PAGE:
In July of last year, Jamaicans welcomed the announcement of paid paternity leave for public-sector workers by Minister of Finance and the Public Service Dr Nigel Clarke.
Paternity leave with pay for fathers of newborns in the public sector and adoption leave for parents adopting and bringing a new child into the home came into effect on January 1 of this year.Read more: Sygnus encourages other private companies to implement paternity leave
The policy means both categories will be eligible for 20 working days leave with pay.
With the implementation of the policy, fathers and adopting parents in the public sector will be able to spend more time with new members of their family.
Sygnus ahead of the game
Sygnus Capital Limited is one of the first Jamaican private sector organisations to have implemented a paid paternity leave policy into their human resource plan.
Since the inception of the company back in 2016, paternity leave has been available to Sygnus employees.
Our Today spoke with Anadeen Nembhard, head of people, culture and talent management at Sygnus, who shared that the shift aligns with the global awareness and acknowledgment of the importance of implementing paternity leave policies.
“It’s an industry best standard, both local and international. Companies use it as a benchmark of doing things the right way and so the company wanted to make provision for paternity leave as well,” Nembhard said.
“Employees don’t have to be married in order to benefit from paternity leave. Every male employee who is expecting a child or adopting a child, who has been employed with the organisation for one year, are eligible for three weeks paid paternity leave.”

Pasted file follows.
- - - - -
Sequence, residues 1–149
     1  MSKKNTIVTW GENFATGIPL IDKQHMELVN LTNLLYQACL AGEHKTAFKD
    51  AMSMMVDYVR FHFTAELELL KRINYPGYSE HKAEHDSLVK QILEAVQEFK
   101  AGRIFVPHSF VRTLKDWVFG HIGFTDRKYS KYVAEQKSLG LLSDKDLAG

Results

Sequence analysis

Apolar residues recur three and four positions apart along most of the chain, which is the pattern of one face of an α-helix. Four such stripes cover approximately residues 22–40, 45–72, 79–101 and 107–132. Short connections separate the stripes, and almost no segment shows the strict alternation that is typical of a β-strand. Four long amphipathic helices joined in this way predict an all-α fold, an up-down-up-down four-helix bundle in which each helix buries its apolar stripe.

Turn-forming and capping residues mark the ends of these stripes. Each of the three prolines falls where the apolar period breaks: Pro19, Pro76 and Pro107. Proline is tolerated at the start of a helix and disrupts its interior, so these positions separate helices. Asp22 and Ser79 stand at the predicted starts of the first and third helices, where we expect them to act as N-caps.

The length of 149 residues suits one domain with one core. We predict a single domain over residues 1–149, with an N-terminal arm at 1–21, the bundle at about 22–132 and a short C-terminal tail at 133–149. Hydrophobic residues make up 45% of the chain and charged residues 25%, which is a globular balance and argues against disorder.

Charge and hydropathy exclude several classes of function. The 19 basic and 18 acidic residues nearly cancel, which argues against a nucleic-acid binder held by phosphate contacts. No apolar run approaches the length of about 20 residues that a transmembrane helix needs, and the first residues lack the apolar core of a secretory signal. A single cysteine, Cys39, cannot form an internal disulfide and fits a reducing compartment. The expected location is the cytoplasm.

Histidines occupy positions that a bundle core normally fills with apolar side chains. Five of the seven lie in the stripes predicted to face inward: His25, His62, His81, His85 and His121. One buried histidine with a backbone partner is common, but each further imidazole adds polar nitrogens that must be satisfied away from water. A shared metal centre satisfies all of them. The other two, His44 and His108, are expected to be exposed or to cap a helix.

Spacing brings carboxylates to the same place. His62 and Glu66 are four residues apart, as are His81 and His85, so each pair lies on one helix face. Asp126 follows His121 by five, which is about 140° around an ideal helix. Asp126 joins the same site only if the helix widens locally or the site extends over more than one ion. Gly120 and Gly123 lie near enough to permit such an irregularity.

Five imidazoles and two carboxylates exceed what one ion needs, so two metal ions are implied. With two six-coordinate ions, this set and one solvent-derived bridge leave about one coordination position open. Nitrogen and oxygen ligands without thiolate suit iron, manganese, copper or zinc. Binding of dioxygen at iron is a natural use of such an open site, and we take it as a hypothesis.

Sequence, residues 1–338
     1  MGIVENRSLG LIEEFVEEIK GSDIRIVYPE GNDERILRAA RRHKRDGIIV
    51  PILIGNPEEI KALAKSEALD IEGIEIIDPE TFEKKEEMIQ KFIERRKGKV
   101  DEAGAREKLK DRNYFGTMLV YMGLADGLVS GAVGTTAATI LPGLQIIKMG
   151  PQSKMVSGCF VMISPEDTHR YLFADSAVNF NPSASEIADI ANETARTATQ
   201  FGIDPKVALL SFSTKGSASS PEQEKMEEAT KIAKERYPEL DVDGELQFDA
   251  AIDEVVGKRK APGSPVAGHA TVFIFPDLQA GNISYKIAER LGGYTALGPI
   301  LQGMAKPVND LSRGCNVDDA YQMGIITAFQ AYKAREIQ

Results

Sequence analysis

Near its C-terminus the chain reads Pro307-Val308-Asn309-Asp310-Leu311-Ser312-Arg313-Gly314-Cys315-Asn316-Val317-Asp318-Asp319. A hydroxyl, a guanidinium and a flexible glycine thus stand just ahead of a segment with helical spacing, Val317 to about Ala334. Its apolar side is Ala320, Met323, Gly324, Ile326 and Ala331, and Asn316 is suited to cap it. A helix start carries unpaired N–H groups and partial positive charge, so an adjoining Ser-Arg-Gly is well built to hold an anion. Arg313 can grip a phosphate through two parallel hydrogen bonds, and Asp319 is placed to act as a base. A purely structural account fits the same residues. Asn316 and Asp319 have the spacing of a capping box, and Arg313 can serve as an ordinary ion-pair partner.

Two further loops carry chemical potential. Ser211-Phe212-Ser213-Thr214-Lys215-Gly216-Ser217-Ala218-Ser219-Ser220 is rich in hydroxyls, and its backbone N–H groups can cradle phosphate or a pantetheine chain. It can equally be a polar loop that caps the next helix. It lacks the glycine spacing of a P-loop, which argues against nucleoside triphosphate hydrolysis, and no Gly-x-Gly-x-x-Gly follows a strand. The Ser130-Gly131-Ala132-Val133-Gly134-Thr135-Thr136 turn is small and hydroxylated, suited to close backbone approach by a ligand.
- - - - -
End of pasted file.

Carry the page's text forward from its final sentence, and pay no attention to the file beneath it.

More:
Nembhard described the policy as being pretty straight forward, while noting that only one employee would have benefited from the policy so far.
Assistant Vice President of Investment Banking at Sygnus, Steven Davis, has been the only father to benefit from the company’s paternity leave policy.
Following the birth of his second daughter, Davis was able to be there for his family immediately after welcoming his baby home, having applied prior for his paternity leave.
“I applied for paternity leave a month before my daughter’s due date. She was delivered by a scheduled C-section. I wanted to be available to support my wife during her healing process and to help my first daughter transition from being an only child to a big sister,” Davis told Our Today.
Nembhard said paternity leave allows fathers to be a part of the bonding process with their newborn.
She also noted that having a practical paternity policy is a conscious effort to address the struggles of working fathers’ being absent from the first month of a baby’s adjustment into the family.
“Paternity leave also encourages a stronger familial setup which is something we want to get back to… paternity will encourage fathers who are welcoming children into the world to know that they are an important part of the pregnancy and birth of the child/children as well.”
Davis can attest to this as he said being able to go on leave allowed all family members to experience the bonding process with the newest member of the family.
“It was for a period of three weeks and during this time I was able to bond with our new baby, take on a lot of the general house maintenance stuff that my wife would usually handle and engage our older daughter while my wife recuperated.”
Davis said he is appreciative of the opportunity to spend time with his family and urged other companies to provide their staff with this opportunity.
“It is a great benefit that I am very grateful to have been able to utilise as the opportunity to have unrestricted time to support my family… I hope that more companies will grant future fathers with this opportunity so that they are able to play a more active role in the newborn stage of their child’s life,” he said.
Meanwhile, Nembhard said the announcement by the Government that it will be granting paternity leave in the public sector is a step in the right direction.
“I think it’s long overdue. The Government is also one of the largest employers and recognising that there is a need there and facilitating that, I think it’s a step in the right direction for us to have world-class standards as it relates to benefits,” she said.
Since the announcement of paid paternity leave, private companies have been urged to consider implementing the policy in their organisation. Nembhard also joined in the call for more private companies to establish paternity leave.